Matt Garza has been on an impressive roll of late, winning five straight starts while posting a 1.24 ERA and 38/10 K/BB ratio over his last six. While we still have a little under two weeks to go before the July 31 non-waiver trade deadline, ESPN’s Buster Olney reports that the Cubs want to strike while the iron is hot.
Ken Rosenthal and Jon Paul Morosi of FOX Sports and Jeff Passan of Yahoo! Sports also hear that the Rangers are involved in talks for Garza. In fact, Rosenthal and Morosi are reporting that the Rangers are “most motivated” of any of the teams in the mix. The Dodgers, Red Sox, Cardinals, Indians, and Diamondbacks are among the other clubs who have expressed interest.
Garza is currently slated to make his next start on Monday against the Diamondbacks, so if Olney’s source is to be believed, we could see a resolution within the next couple of days.
UPDATE: FOX Sports’ Ken Rosenthal hears from one official involved in talks between the Cubs and Rangers that a deal is getting closer. Prospects from various levels are being discussed and Rosenthal writes that Mike Olt is “possibly” involved.
UPDATE II: Rosenthal hears from sources that prospect right-hander C.J. Edwards is also in play in talks for Garza. The 21-year-old has a 1.83 ERA and 122/34 K/BB ratio over 93 1/3 innings in 18 starts this season with Class A Hickory.
The Nationals have placed reliever Koda Glover on the 10-day disabled list due to a left hip impingement, Chelsea Janes of the Washington Post reports. Glover said he is “extremely confident” that he’ll need only the minimum 10 days to recover.
Glover, 24, felt hip discomfort when throwing his first pitch in Tuesday’s relief appearance. He attributed it to the cold, per Janes.
Glover was one of a handful of candidates to handle the ninth inning for the Nationals. It’s been a mixed bag for him, as he has a loss and a blown save along with a 4.15 ERA and a 6/1 K/BB ratio in 8 2/3 innings.
MLB.com’s Todd Zolecki reports that starter Clay Buchholz is at Citizens Bank Park for Wednesday night’s game against the Marlins. The right-hander recently underwent surgery to repair a partial tear of his flexor pronator mass. The timetable for his recovery is three to five months, but most are expecting him to miss the rest of the season since the Phillies aren’t legitimate contenders.
According to Zolecki, Buchholz apologized to GM Matt Klentak “and others” — presumably other front office staff and/or his teammates — for getting injured. Buchholz hopes to return to pitch in September.
It’s saddening to me, and indicative of the general anti-labor culture in sports, that a player feels obligated to apologize for getting injured on the job. Injuries are nothing new for Buchholz, which might have factored into his decision to apologize. Red Sox fans got on his case quite a bit over the years for his propensity to land on the disabled list. But it wasn’t like Buchholz was taking unnecessary risks; he simply did his job, which entails doing a lot of unhealthy movement with his arm. Buchholz owes no one an apology.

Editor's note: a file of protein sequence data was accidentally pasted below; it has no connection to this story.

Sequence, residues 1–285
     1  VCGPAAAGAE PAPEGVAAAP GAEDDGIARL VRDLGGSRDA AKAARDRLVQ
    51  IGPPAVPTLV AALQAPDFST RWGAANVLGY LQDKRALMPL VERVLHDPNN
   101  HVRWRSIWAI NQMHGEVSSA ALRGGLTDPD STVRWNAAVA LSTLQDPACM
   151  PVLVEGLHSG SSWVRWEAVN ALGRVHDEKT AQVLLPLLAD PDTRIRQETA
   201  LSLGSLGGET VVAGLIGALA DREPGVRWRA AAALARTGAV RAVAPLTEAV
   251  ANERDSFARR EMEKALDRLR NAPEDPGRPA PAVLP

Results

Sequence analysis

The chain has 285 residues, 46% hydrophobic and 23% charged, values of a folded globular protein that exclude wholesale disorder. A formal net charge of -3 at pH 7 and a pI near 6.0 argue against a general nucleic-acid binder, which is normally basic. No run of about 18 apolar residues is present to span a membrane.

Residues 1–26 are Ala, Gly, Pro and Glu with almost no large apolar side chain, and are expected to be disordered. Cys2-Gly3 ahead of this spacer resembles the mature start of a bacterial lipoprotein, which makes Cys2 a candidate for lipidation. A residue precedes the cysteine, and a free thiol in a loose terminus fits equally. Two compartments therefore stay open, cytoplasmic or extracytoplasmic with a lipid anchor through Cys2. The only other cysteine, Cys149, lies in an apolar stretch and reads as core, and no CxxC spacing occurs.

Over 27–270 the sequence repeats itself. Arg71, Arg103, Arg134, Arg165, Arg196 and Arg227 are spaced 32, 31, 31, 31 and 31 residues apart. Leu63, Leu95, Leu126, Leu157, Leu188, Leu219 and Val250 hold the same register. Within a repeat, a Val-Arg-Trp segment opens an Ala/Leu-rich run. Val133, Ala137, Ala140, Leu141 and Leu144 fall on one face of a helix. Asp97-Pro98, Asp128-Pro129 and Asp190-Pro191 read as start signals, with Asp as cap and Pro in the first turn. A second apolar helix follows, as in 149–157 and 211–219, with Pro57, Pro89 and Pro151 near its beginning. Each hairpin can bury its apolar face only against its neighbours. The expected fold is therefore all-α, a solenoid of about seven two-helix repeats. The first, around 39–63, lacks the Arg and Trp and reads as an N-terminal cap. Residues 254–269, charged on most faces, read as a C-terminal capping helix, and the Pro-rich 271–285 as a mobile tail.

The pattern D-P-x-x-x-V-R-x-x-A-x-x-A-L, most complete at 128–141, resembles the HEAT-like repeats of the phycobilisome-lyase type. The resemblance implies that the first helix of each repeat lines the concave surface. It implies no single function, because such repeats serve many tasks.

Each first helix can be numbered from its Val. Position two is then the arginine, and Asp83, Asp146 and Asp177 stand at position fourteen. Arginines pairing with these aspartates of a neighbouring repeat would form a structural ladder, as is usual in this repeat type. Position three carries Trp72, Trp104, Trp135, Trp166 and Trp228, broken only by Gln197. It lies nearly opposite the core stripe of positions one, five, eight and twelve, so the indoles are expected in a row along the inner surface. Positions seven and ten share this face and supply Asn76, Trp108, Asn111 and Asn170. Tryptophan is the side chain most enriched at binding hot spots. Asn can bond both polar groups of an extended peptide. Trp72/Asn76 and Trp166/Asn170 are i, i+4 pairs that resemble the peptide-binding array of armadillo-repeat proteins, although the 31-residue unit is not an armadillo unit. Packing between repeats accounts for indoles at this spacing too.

Buchholz isn’t the only player to have apologized for getting injured. Outfielder Hideki Matsui apologized to the Yankees in 2006. Starter Masahiro Tanaka apologized in 2014. Twins reliever Glen Perkins apologized last year. Even Madison Bumgarner sort of apologized for suffering injuries riding a dirt bike on an off-day, saying “It’s definitely not the most responsible decision I’ve made.” Because god forbid an athlete has interests and hobbies outside of his vocation.
Players are brought up in a sports culture that allows exorbitantly wealthy owners to bilk the players — laborers — at every possible turn. They’re mostly underpaid and poorly taken care of in the minors. If and when they reach the major leagues, their salaries are intentionally depressed for six years and their service time is toyed with (just ask Kris Bryant). Buchholz endured that and then endured the criticism that comes with having been a hyped prospect who mostly failed to live up to expectations. He’s gone above and beyond what he needed to do to have a successful career as a professional baseball player, even if it wasn’t as much as fans or front office personnel would have liked.